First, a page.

Simon Marsov, a 25-year-old management consultant from Moscow, flew to the resort town of Sousse, Tunisia, by the Mediterranean last summer because he wanted to experience a foreign place on the cheap.
Lalioui Faouzi, a 26-year-old dentist from Algiers, said he made the 11-hour drive in late summer to Hammamet, another resort on Tunisia’s east coast, because the hotels were cheaper than those in Algeria, the beaches were livelier and he didn’t need a visa.
Visitors from Algeria and Russia arrived in record numbers in 2016 and helped save Tunisia’s seaside hotels from a second abysmal summer.
Western Europeans continued to largely shun the small North African country in the wake of two massacres of tourists in 2015. But now there are signs that Tunisia’s Continental visitors are returning, giving rise to hopes that the hobbled tourism industry might get back on its feet this year.
The major package-tour operators Thomas Cook and TUI Group say that they are seeing growing bookings from France and Germany, traditionally Tunisia’s biggest sources of European visitors. Some hotels, like the Golden Tulip Carthage, say they are as busy as they were before the 2011 revolution in Tunisia, which fueled the so-called Arab Spring in the region. And tourism officials, noting tight security and no terrorist attacks on tourists in the past two years, note that the number of foreign arrivals has jumped by more than a third in the first four months of this year.
Still, the overall number of foreign visitors to this crossroads of Arab, African and European cultures, and home to a stunning collection of Roman ruins, remains well below that of the peak years before the revolution: 4.5 million last year, compared with 6.9 million in 2010.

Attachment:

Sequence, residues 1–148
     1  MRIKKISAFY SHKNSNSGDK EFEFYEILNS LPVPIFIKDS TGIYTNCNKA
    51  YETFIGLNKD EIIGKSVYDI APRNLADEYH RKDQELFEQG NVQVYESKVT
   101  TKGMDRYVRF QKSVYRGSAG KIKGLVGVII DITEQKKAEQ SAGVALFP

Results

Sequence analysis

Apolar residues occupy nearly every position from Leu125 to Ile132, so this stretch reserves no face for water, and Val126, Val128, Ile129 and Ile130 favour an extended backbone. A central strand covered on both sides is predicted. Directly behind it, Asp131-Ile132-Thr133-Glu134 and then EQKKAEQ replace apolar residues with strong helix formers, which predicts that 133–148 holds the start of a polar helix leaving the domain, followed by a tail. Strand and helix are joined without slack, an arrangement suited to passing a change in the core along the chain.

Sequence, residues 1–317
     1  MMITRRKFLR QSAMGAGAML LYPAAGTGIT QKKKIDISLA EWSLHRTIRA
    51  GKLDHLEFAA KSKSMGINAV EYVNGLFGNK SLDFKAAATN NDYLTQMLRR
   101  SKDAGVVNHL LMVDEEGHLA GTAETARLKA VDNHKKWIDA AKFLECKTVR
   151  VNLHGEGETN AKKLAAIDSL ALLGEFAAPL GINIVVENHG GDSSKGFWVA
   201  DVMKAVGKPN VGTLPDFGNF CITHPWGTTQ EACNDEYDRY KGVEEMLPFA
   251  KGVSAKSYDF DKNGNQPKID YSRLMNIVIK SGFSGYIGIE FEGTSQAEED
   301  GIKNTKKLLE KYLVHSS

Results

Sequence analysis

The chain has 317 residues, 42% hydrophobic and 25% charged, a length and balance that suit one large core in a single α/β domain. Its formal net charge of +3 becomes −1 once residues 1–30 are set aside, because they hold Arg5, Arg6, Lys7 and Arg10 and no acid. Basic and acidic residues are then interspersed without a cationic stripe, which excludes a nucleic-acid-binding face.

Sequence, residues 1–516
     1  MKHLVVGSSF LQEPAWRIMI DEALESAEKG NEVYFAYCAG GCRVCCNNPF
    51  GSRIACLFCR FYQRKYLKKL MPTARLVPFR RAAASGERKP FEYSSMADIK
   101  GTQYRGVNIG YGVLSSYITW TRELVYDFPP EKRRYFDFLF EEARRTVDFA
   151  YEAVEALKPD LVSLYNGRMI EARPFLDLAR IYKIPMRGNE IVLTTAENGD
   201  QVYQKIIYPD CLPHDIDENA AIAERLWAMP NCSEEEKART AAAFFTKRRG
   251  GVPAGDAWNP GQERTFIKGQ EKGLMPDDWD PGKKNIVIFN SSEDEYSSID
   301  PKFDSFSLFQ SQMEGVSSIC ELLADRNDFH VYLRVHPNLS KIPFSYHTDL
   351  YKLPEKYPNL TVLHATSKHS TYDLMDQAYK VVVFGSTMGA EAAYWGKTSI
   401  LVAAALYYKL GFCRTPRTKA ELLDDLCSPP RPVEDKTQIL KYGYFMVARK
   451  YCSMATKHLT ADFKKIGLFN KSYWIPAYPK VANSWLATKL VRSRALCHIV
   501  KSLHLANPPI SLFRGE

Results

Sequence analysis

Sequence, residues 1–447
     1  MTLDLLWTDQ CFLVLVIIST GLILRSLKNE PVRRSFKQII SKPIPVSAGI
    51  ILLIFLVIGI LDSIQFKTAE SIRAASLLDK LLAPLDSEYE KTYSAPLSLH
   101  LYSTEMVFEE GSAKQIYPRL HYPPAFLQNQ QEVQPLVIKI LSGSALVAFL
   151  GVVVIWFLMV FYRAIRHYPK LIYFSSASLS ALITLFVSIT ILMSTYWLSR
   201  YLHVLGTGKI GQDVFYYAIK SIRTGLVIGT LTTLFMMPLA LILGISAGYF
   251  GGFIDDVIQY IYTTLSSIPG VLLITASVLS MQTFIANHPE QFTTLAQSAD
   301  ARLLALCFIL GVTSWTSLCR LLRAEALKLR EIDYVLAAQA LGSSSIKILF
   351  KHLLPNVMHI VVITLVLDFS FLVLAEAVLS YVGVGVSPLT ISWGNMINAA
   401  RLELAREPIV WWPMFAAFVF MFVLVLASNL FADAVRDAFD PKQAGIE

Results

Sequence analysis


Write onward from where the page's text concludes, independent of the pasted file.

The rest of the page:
Tourism was picking up in 2013 and 2014, but the cruises stopped coming when their passengers were among the 21 fatally gunned down by extremists at the National Bardo Museum in Tunis in March 2015.
Three months later, 38 sunbathers and hotel guests — 30 of them British — were shot dead in a rampage by a lone assailant at a beachfront resort near Sousse.
Britain imposed a countrywide travel ban, which is still in effect, and a number of nations including the United States warned against travel to certain parts of Tunisia, like the southeast region bordering Libya.
“That was a knockout,” said Zouhair Mbarek, whose Batouta Voyages & Events company used to organize cultural tours for Western and Japanese tourists.
The scent of sunblock on sunburned Western tourists vanished from the pool decks and seaside promenades that summer.
While other operators folded, Mr. Mbarek switched to local and corporate clients and started new companies in business coaching and video. He said his travel business had been in a slump until the end of last summer, when the Chinese started coming.
In his office in Tunis in September, he joked about popping champagne when a Hong Kong travel agent committed to sending seven culture-tour groups in the coming months. Since then, he has had groups of 20 to 30 Chinese tourists arriving each week, trooping to cities like Douz, on the edge of the Sahara in the southwest, and Kairouan, home to one of Islam’s holiest mosques, in the north-central region.
Now his tourism trade is about half of what it was before the revolution. But like many others in the industry, he knows that the country will be dogged not only by its own political and economic troubles and the continuing Mideast turmoil, but also by the chaos and violence in neighboring Libya, where the Islamic State is fighting to secure strongholds.